Sussex dog expert offers advice on keeping pets calm during bonfire season

With the local bonfire season already underway and November 5 on Friday, a canine care expert from Sussex is offering advice on how to keep your dog safe and calm.

Kathy Hobson, of Dog First Aid Sussex, said: “A fear of loud noises is innate in most dogs Whilst fireworks might be fun for us, many of our dogs are less than keen. Some may experience some mild anxiety, for others it can be a truly terrifying experience. We’re unlikely to be able to achieve a complete firework ban or persuade the entire nation to swap to silent fireworks, so instead it is our responsibility to empower our dogs to cope as best they can.

“You need to start the training now, to try to desensitise them to the firework sounds and to prepare your house as a safe place for your four-legged family members. If you have a dog that suffers from extreme fear/phobia, or you find that your training is not working then you should definitely be calling on the services of an experienced modern force-free behaviourist.

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“Did you know you can purchase a CD with firework sounds? You can also get firework sounds from places like Spotify or YouTube (please do not try this if your dog is extremely noise phobic as it may make the situation worse).

Keeping dogs safe during firewrok season SUS-211017-111727001

“To try to desensitise your dog to fireworks noises, start playing these sounds daily. Start with a very low volume, and once your dog is comfortable at that sound level reward the dog with a food treat or toy. Next time turn the volume up slightly. Again, wait till your dog is comfortable with the fireworks at that level and then once they are, you can increase the volume again slightly.

“Check out when and where firework displays in your area are taking place so that you know when to expect them. Also check with the neighbours in your street if they are planning any bonfires and when

“On evenings when fireworks can be expected, you should feed your dog nice and early. Dogs who are stressed and scared are less likely to eat, and this can make a bad situation worse for them as they are then not only scared but they are hungry too. Ensure there is plenty of water available as an anxious dog who is panting a lot is likely to be thirsty.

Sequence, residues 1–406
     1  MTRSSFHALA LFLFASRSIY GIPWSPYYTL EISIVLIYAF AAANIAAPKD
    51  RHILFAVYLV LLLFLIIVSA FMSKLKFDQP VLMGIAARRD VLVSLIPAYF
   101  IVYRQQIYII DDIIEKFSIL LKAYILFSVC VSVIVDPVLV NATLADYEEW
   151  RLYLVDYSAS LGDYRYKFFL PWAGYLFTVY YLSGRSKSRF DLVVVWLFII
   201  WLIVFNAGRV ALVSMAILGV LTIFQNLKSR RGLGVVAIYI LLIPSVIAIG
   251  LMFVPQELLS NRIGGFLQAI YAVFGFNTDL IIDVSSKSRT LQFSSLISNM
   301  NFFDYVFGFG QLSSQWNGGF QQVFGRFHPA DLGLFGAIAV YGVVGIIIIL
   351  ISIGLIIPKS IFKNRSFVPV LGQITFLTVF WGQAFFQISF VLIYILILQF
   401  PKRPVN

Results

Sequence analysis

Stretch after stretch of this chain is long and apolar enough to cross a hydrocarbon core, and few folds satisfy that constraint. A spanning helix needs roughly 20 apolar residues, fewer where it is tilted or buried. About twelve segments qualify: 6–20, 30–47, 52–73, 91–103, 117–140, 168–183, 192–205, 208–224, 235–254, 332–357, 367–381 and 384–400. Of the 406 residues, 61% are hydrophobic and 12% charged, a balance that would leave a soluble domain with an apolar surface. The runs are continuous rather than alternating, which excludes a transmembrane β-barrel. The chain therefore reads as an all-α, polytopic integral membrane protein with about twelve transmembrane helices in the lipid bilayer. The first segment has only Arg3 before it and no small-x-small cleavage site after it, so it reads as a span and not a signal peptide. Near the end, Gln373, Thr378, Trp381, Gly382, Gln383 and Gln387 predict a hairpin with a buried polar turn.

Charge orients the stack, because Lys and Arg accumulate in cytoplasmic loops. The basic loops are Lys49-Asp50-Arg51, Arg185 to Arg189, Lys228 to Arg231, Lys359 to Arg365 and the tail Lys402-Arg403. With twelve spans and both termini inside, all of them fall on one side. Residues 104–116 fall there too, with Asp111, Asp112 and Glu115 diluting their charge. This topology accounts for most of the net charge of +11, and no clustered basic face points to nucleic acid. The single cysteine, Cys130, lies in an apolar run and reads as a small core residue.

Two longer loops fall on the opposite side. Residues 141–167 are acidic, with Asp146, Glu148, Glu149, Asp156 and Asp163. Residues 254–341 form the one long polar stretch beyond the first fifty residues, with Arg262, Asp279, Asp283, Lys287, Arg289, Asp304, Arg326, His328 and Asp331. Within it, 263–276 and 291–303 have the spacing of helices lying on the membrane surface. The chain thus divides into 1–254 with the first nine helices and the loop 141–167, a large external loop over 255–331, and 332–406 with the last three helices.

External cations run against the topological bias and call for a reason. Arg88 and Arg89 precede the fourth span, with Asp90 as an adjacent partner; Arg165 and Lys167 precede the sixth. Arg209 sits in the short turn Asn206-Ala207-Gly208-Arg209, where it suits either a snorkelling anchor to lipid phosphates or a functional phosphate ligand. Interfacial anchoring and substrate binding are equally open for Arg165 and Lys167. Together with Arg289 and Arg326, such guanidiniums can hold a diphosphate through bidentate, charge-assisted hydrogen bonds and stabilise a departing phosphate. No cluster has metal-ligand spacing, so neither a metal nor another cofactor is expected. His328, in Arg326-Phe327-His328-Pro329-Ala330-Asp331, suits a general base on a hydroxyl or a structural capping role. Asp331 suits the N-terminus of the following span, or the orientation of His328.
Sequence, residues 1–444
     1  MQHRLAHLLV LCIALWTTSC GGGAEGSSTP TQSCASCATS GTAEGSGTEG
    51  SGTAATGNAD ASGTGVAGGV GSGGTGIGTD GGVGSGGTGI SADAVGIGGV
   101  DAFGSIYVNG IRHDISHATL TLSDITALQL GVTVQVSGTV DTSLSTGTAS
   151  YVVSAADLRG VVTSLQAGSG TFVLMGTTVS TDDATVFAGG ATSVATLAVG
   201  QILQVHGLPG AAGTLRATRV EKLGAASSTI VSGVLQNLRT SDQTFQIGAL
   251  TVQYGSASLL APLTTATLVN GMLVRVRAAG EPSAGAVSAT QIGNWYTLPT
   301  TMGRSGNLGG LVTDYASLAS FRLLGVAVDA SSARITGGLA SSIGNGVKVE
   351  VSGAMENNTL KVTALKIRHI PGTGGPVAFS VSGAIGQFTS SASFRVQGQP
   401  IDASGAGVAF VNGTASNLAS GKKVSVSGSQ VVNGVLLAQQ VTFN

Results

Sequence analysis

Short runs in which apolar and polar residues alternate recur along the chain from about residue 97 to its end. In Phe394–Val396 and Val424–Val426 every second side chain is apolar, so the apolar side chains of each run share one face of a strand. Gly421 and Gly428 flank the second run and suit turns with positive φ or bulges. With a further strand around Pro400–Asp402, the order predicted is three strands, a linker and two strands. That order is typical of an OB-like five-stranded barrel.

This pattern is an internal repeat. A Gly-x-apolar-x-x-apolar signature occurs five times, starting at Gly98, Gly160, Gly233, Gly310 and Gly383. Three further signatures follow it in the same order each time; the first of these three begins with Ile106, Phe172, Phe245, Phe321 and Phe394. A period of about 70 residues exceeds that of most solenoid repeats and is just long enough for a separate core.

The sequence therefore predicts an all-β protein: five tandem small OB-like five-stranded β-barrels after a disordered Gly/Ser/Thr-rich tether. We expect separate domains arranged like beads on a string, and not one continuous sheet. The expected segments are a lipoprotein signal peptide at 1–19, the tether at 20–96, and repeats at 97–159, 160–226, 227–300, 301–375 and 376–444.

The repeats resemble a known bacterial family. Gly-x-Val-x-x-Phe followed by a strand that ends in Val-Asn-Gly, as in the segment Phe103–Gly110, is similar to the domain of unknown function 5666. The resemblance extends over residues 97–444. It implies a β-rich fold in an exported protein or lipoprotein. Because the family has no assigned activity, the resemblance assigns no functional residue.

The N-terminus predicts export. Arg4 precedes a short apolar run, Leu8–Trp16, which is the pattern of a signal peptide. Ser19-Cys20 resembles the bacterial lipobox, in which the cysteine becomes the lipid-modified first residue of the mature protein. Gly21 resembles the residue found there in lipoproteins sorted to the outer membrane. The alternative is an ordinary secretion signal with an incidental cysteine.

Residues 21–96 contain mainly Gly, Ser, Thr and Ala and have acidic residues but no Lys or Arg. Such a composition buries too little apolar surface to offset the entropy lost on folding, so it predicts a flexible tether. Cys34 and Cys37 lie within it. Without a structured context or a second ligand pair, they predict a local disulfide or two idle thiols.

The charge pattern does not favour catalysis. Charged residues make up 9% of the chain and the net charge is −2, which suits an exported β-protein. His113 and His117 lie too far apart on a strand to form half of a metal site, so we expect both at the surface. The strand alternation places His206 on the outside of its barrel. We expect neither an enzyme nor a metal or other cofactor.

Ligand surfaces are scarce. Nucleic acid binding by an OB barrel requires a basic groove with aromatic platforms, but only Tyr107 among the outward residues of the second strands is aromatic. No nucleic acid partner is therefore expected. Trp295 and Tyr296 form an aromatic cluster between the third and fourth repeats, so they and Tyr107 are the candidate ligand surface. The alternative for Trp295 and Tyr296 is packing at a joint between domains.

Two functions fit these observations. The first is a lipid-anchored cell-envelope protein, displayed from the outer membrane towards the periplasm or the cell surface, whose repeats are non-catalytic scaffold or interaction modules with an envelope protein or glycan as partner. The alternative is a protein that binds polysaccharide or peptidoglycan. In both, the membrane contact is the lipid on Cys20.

“Get out nice and early on your walkies so your dog can relieve themselves in the safety of the day. Why not do something fun too. It would be ideal to try to tire your dog out if you are expecting fireworks in the evening. The basis for this; a tired dog might be more inclined to sleep through the noise than a dog full of energy who may be more likely to focus solely on the noises that they find scary.

“Shut out the world outside. Make your home a place of security for your dog by reducing the noises and flashes of light from outside.

“Create a safe place/den: Dogs like somewhere safe that they can retreat to when they get scared, or even when they’ve had enough of a situation. It’s good to create somewhere nice and cosy for them, preferably something that has sides and a roof, with plenty of comfortable blankets and easy access to food and water.

Don’t forget your dog looks to you for reassurance. Therefore, it is important that you are nice and calm, giving out a wonderful relaxed and positive energy. If you are giving the impression that there is absolutely nothing to fear, your dog will hopefully take that as a sign that they too can relax.

“Don’t shut your dog out or in a room on their own. Remember they will look to you for reassurance, and you want to be close at hand with plenty of treats and their favourite toys to comfort them and praise them. This will make sure they feel at ease and show them there is nothing to be afraid of. Never ignore them when they are scared, and if your dog comes to you for comfort then please do offer it to them.

You can contact her on [email protected] , 07498 557064, or on Facebook